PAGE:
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European Social Democracy Isn't What You Think It Is

Werner Sombart, the great socialist interlocutor of the equally brilliant liberal sociologist Max Weber, once remarked that socialism would never work in America so long as the allure of abundance through markets continued to have even the slightest credibility among workers. In America, he wrote, “all socialist utopias came to nothing on roast beef and apple pie.”

With unemployment soon to reach and perhaps exceed 20 percent, however, it may well be that our homegrown socialists will have their best days since the Great Depression. But what form will their hopes and aspirations take?

In this context, many have noticed the frequent allusion to European-style social democracy. Before we rush down this path, though, we would do well to ponder the economic principles that actually sustain the most successful of these economies.

As it turns out, there is far more of old fashioned liberalism here than may at first be apparent to an American, whether such a person be a socialist or not. In fact, I would go even further. The core of the economic engine that sustains Europe has far more to do with a very real form of economic liberalism than what most of our home-grown socialists are probably willing to countenance for America’s future.

The vital core of the social market economy is to be found not among the disciples of Marx or even Sombart, but in the ordoliberal tradition of such thinkers as the economists Walter Eucken, Ernst Mach, and Franz Böhm.

It is true that one finds in Europe a much greater role for the state in the provision of a social safety net. The level of transfer payments, not counting U.S. defense spending, are indeed more generous, but all of this is afforded because the main engines of economic growth are preserved through a commitment to the most basic rules of a still largely free market. And in some cases, those commitments actually run deeper than in the US.

For all of America’s much-ballyhooed commitment to property rights, Kelo v. City of New London exposed just how fragile ownership can actually be in the land of the free.

These rules are, in order of appearance: 1) stability of currency due to a very deep-seated phobia against inflation; 2) a deeper existential commitment to private property rights; and 3) a commitment to competition. One might add other ancillary commitments such as greater restraint in torts, but these three get to the essential areas.

On the question of anti-inflationism, I will simply reference the tragic history of the early Weimar years in Germany and its effects on culture. As I said once before, it is amazing how much intervention an economy can endure so long as currency stability is maintained. This commitment will be sorely tested in the coming months as the new unprecedented financial side of the recent German and French aid package works its way through the system. But up until now, at least, the aversion to inflation has been the singularly most enduring part of the northern countries’ monetary culture on both the left and the right.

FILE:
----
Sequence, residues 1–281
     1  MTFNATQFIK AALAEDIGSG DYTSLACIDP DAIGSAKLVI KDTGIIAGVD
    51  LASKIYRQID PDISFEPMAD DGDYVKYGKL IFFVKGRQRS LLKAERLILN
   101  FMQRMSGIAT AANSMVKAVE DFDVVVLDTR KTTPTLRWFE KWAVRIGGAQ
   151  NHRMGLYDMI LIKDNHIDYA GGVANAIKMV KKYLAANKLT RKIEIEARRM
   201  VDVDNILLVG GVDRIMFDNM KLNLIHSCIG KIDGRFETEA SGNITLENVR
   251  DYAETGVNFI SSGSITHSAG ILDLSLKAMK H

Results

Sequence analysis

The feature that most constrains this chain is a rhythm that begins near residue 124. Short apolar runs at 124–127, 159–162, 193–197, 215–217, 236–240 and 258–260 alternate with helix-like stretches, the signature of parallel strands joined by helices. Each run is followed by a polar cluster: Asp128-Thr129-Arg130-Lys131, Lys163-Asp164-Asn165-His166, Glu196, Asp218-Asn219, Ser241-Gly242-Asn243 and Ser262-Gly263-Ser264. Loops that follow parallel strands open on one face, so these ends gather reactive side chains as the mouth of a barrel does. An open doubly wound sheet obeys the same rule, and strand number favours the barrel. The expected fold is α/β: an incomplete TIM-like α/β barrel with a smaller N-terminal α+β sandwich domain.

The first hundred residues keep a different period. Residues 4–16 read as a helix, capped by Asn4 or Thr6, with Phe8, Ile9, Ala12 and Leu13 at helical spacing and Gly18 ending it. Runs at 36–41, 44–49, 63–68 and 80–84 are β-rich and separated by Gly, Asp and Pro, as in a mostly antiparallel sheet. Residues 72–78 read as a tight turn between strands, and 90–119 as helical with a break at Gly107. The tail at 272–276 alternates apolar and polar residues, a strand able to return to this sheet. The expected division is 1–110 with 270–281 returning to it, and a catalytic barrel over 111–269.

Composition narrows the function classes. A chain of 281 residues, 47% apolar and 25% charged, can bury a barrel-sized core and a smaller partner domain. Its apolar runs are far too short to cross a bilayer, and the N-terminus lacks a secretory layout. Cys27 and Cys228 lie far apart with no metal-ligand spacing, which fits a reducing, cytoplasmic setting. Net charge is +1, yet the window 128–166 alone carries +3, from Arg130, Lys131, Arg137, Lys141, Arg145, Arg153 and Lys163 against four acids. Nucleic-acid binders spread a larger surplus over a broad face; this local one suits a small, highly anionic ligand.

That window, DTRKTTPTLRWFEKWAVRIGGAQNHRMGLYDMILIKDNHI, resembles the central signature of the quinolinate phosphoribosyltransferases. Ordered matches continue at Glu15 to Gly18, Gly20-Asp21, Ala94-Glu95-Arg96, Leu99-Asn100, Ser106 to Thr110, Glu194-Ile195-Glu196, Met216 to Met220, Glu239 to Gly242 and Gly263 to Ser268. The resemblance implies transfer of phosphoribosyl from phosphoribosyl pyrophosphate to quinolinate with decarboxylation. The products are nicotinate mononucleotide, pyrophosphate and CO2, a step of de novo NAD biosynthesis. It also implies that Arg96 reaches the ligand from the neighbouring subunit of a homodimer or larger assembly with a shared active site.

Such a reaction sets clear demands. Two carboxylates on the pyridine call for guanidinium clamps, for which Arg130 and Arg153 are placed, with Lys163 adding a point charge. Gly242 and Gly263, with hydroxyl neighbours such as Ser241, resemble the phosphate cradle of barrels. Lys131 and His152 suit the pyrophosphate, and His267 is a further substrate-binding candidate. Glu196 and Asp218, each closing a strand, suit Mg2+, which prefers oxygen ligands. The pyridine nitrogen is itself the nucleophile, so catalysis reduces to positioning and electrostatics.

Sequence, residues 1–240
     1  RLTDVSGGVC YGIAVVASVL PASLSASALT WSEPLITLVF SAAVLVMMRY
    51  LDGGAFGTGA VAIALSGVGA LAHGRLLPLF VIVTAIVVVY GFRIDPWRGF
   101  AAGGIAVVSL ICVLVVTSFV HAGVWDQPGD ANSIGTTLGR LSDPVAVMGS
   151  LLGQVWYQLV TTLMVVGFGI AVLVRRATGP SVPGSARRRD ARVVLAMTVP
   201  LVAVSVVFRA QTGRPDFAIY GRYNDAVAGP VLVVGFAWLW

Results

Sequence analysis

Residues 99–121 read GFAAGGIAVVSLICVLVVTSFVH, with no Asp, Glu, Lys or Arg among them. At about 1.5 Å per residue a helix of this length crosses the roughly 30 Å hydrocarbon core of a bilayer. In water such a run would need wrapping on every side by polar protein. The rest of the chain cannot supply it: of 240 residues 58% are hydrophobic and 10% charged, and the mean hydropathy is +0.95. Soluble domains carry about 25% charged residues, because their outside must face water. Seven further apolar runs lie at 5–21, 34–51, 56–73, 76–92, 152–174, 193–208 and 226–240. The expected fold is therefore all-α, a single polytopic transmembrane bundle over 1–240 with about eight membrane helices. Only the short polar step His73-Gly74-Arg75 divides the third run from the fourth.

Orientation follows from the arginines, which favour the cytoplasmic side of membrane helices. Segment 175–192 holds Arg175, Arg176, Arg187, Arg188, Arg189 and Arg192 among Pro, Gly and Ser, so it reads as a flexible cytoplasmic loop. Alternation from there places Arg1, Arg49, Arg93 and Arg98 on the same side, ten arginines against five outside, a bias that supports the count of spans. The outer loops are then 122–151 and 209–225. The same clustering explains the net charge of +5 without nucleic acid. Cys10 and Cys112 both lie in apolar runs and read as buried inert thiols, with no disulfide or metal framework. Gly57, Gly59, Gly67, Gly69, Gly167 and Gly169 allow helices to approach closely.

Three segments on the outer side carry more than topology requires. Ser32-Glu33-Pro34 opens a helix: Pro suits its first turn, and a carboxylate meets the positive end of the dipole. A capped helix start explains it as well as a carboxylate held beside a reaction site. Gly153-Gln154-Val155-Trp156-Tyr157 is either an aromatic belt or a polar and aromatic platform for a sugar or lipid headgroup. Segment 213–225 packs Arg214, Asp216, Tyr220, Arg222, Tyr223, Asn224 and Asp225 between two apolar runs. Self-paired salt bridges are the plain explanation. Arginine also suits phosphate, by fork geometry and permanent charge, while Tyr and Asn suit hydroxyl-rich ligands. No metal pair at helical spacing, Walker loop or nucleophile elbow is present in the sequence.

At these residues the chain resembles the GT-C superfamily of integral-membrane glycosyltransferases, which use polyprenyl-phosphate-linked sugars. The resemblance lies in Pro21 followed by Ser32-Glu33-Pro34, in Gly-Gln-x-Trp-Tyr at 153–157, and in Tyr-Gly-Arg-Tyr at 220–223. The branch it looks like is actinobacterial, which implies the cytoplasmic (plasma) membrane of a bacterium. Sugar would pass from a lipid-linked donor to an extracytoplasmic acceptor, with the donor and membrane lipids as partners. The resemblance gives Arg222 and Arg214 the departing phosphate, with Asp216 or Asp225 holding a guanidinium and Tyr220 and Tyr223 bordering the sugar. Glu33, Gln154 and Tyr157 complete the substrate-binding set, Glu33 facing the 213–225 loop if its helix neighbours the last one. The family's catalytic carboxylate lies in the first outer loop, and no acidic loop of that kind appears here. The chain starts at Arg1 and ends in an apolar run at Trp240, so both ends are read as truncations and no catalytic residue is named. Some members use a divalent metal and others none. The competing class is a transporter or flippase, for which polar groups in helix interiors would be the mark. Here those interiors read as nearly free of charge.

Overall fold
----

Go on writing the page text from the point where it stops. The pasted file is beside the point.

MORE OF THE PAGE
On the second point, for all of America’s much-ballyhooed commitment to property rights, Kelo v. City of New London exposed just how fragile ownership can actually be in the land of the free. Not so in the social market economy. To take private property in Germany requires, on balance, far more than just a public need: it requires proof of the necessity. If there is any alternative option, the claim for a taking will fail.

Respecting the final category, Walter Eucken was especially concerned to preserve competition. In large measure, this was the result of the peculiar history of German contract law respecting the cartelization of industries. An excellent overview of that history can be found in Eucken’s This Unsuccessful Age (1952), in which he outlined the classic problems of regulatory capture.

This concern for preserving competition continued to be vigorously pursued, even if contentiously debated throughout the remainder of the 20th century. And on this point, there can be no doubt but that, at least in its initial performance, the system of largely free markets with multiple private producers succeeded in the superior provisioning of certain essential medical supplies and tests.

Reflecting, then, on these three dimensions, we can see that there would be no “social” in Europe’s “social market economy” without the strictly market-friendly rules essential for economic efficiency. Going into our new hyper-mortgaged future, we will have to take very serious cognizance of these core principles, whatever degree of “socialization” our home-grown socialists may seek to implement.